Which sugars are ok to eat?
Is there a difference between ‘natural’ or ‘intrinsic’ sugar compared to ‘added’ or ‘free’ sugar?
How much are we allowed?
To begin with, it is important to establish the difference; which sugars should we be mindful of? In 2015, a new report by SACN (Scientific Advisory Committee on Nutrition) was published stating that a high intake of ‘free’ sugars is detrimental to health and advise we limit these to 5% of our diet (these recommendations apply to age groups above 2 years).
But what are ‘free sugars’? Do these differ to those sugars we find in our carbohydrates or fruits? Quite simply, the answer is yes. This 5% figure sits within a broader set of dietary recommendations for overall carbohydrate consumption comprising all sugars and fibrous starches. Sugars are deemed ‘free’ when they are added to foods by the manufacturer, cook or consumer, plus those that are naturally present in honey, syrups and fruit juices. These do not include the sugars that are found naturally in milk, whole fruit or vegetables as part of a whole balanced diet.
Many might believe that they don’t consume very much sugar on a day-to-day basis, but a large volume of manufactured foods contain sugar; they just might be listed in a different way! For example, food labels may contain the more obvious giveaways of sugar; glucose, sucrose or maple syrup, yet others may contain labels such as hydrolysed starch, molasses, maltose the list goes on! I don’t know about you, but if I wasn’t a nutritionist, I wouldn’t recognise any of these!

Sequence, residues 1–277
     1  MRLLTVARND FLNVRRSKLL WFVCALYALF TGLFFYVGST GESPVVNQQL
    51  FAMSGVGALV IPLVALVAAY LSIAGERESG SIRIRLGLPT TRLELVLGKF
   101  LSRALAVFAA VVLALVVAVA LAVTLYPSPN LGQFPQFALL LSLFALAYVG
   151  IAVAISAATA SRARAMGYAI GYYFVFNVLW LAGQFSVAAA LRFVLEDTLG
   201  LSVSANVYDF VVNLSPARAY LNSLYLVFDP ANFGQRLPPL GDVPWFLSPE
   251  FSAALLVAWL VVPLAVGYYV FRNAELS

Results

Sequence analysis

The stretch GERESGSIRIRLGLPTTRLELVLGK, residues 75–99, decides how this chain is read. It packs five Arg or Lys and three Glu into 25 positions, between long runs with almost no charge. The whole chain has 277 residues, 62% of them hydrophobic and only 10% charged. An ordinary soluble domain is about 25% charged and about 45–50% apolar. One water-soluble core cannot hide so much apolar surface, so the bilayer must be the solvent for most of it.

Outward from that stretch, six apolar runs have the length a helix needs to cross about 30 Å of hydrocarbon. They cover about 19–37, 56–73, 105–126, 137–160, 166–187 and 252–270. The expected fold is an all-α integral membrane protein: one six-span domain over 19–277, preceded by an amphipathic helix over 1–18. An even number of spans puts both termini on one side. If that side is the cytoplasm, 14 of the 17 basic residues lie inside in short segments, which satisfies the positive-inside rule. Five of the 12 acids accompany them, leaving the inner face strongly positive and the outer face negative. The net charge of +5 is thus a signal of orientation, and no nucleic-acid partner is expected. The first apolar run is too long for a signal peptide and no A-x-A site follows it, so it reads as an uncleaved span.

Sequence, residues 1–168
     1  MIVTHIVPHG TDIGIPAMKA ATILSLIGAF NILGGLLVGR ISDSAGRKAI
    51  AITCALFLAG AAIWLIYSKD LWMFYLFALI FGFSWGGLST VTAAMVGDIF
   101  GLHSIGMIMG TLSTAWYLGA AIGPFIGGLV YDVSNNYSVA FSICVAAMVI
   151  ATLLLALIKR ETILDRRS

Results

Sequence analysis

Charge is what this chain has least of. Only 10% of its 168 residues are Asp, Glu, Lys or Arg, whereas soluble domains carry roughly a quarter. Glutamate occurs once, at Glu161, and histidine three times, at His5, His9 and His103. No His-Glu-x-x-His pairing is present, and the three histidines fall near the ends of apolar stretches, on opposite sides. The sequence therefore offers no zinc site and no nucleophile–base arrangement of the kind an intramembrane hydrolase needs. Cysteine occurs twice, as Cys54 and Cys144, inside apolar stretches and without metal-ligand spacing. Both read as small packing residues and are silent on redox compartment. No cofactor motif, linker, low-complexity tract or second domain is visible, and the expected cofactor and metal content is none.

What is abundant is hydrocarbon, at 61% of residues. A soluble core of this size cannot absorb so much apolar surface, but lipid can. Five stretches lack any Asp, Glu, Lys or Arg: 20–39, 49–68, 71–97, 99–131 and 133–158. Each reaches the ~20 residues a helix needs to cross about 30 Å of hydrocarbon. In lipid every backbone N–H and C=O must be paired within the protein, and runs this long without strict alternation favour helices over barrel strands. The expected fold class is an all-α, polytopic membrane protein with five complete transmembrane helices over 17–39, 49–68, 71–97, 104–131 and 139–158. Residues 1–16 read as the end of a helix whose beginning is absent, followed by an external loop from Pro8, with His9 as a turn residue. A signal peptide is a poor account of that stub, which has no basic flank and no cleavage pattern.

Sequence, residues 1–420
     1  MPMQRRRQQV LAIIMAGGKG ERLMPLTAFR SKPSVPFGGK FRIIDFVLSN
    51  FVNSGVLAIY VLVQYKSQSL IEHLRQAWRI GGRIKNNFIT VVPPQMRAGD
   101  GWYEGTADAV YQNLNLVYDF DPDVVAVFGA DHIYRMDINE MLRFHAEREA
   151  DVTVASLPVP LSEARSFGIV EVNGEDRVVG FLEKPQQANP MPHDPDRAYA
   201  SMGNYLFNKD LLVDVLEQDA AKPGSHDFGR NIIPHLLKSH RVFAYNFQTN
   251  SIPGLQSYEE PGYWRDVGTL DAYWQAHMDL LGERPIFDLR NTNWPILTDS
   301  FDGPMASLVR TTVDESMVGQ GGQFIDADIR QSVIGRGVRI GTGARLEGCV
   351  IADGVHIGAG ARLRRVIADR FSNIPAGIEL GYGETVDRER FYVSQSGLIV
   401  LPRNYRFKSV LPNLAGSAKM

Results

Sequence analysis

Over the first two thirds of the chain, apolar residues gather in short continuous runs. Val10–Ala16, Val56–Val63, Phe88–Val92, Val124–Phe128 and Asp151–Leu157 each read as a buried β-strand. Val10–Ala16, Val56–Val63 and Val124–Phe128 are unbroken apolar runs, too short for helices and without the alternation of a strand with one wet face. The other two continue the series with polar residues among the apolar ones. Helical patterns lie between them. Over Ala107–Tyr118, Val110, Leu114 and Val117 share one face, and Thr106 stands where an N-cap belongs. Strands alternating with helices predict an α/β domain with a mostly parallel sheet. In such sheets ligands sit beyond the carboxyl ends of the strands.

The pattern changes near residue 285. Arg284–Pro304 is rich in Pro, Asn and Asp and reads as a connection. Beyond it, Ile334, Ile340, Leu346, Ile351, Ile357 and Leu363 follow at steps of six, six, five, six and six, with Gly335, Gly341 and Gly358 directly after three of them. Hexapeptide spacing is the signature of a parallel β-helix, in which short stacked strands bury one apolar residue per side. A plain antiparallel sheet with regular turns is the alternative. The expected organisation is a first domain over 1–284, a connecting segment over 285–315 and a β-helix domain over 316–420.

So what does 5% look like?
- children (aged 4 to 6) is 19g, equal to 5 cubes or 5 tsp of sugar*
- children aged (7 to 10) is 24g, equal to 6 cubes or 6 tsp of sugar*
- children (over 11) and adults is 30g, equal to 7 cubes or 7 tsp of sugar*
Having conducted a workshop with teenage girls recently, I spoke to them about sugar and limited the recommendations down to their age group. I then asked who thought they had exceeded that recommendation so far that day. Most, if not all of the girls put their hands up. It was 11am.
It is extremely important that the sugar message is passed on to everybody, but especially those younger generations where sugar may be routinely indulged in food or beverage forms. Frequent intakes will contribute to childhood and adolescent obesity as well as tooth decay and negative health consequences in later life.
*Nhs.uk, (2016). Let’s get Sugar Smart! Available at: httpss://www.nhs.uk/change4life-beta/campaigns/sugar-smart/home